The best part about redshirting as a true freshman is it allows a prospect to immerse himself in the strength-training program and get fully acclimated with the playbook. Each Friday during the season, while most everyone else on the team is off or traveling, the redshirting rookies are put through brutal workouts at Lasch Building.
With that in mind, we believe it is important to track the progress of the redshirting freshman. See Part III of our exclusive Redshirt Report series here:
Tom Ricketts, OL, No. 55
At 6-foot-5 and about 275 pounds, Ricketts has seemingly settled in at offensive tackle this past season, having seen reps on both sides of the line(left and right). Most recently, Ricketts saw the bulk of his bowl preparation reps at left tackle, playing the role of Florida's Marcus Gilbert.
Observers feel Ricketts "has a good frame" and "carries his weight well." Although the sentiment is largely that he'll need to continue to add size to make a real impact on the line.
Rickett's is said to have a "no-nonsense" approach when he is conditioning and drilling. This past season he focused on his leg strength in particular and his footwork. "He's getting better with his basic footwork and keeping [his feet] square and under him. I think he's gotta get out of his stance quicker, though."
Observers like Ricketts' general endurance and feel the redshirt year has helped with his conditioning and strength. "I think he's gotta get some more power to push off the rush, but he's made progress and carries himself well. I think he's got the head for the position."
Brad Bars, DE, No. 83
One of the true mystery men of the Class of 2010 was Brad Bars. A late addition as Penn State's 20th commitment to the class, Bars hails from Tennessee and attracted Larry Johnson with this athleticism and "nose for the ball."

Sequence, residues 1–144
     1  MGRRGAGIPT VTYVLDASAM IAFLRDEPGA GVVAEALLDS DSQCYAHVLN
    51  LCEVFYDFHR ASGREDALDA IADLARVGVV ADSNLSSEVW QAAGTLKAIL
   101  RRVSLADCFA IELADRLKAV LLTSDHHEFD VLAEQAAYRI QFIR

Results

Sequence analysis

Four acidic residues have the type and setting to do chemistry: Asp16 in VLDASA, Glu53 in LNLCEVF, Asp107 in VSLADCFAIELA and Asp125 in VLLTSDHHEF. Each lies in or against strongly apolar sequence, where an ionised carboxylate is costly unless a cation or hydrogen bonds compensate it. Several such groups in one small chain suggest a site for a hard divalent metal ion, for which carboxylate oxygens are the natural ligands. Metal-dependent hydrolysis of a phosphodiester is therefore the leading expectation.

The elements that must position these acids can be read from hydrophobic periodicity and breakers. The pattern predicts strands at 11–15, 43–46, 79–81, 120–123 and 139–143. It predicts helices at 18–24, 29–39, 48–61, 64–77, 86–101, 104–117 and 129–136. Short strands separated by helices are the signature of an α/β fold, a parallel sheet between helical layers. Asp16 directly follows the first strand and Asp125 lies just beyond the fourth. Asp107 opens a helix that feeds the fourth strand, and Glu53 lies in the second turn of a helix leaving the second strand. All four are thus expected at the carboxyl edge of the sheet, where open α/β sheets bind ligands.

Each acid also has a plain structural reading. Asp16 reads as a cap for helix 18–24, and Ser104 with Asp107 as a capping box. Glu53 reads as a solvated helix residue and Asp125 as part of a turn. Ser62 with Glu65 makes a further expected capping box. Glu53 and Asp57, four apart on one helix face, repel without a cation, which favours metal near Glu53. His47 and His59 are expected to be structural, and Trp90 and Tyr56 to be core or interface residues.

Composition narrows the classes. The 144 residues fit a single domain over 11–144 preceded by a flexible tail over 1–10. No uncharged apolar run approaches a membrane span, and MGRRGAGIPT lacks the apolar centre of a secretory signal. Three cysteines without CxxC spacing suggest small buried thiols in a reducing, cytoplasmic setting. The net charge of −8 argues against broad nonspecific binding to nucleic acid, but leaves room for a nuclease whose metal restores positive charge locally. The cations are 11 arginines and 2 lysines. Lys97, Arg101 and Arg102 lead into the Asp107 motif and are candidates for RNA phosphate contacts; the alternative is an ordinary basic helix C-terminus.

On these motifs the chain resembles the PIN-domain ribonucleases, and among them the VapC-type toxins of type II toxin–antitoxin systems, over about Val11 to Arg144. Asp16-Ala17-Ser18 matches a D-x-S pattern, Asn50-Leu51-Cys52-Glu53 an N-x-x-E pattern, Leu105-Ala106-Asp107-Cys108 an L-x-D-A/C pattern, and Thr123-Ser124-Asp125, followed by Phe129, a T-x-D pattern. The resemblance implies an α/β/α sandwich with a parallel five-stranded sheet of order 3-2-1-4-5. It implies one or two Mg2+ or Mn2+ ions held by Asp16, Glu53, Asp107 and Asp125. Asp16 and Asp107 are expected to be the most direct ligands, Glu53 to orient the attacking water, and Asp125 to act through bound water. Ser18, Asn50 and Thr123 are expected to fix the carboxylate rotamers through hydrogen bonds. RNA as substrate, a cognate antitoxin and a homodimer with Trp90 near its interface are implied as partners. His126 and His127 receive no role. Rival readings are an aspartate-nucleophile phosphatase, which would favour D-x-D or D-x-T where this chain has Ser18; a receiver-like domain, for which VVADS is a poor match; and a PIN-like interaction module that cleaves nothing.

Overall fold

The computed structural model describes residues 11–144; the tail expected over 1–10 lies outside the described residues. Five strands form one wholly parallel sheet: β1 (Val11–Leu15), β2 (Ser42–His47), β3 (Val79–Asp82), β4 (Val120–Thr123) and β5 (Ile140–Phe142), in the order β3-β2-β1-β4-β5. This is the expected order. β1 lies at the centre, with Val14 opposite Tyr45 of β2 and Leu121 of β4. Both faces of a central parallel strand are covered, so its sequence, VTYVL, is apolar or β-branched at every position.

At 6-3, 227 pounds, Bars is described as "intense" and "aggressive." The focus last year was on refining his technique as he "came in raw," but has shown and ability to "get pressure off the edge."
Bars spent the past year with the scout team, primarily at defensive end. Observers feel he closed out the season with some decent bowl practices while playing through an injury to his left arm that knocked him out of action for a bit. "He's a tough kid; he knows he has to go out an earn it. But he's got to increase his size and keep getting stronger." Bars is also working on improving his block-shedding basics. "He has to nail that to get L.J. to feel comfortable with him."
Although ends like Pete Massaro and Sean Stanley have been impressive and are the odds-on favorites to fill out the rotation in 2011 with Jack Crawford and Eric Latimore, some feel that Bars is not that far away from providing depth. "If he can keep progressing with [his] technique he can make a run at getting some playing time. He's got to get the little things down though — using his shoulders, squaring his hips and just exploding past the blocker."
Evan Hailes, DT, No. 75
At 6-1 and nearly 300 pounds, Hailes saw most of his 2010 reps at defensive tackle on the scout team. Hailes has good strength in his arms and legs and is described as "a handful" for offensive linemen. He gets a good surge off many snaps, but has to work on his overall consistency.
Hailes has focused on improving his footwork and leverage off the ball. Where most observers feel he needs to show improvement this off-season is with his endurance. "He can't let up on certain downs," as one observer explained. "He's got to do every snap."
Hailes has shown good aggression in drills and is said to be "coachable." For the bowl practices Hailes played the role of Florida defensive tackle Omar Hunter. "He had some really good days and some off days. The key is consistently throwing it at your assignments."
Observers like his frame and power and feel that if he can improve his consistency he can make a run at the two deep. However, with the likes of Devon Still, Jordan Hill, DaQuan Jones and Brandon Ware in the mix, he's got some impressive talent to beat out.
FightOnState.com is your source for the BEST content and community covering Penn State football.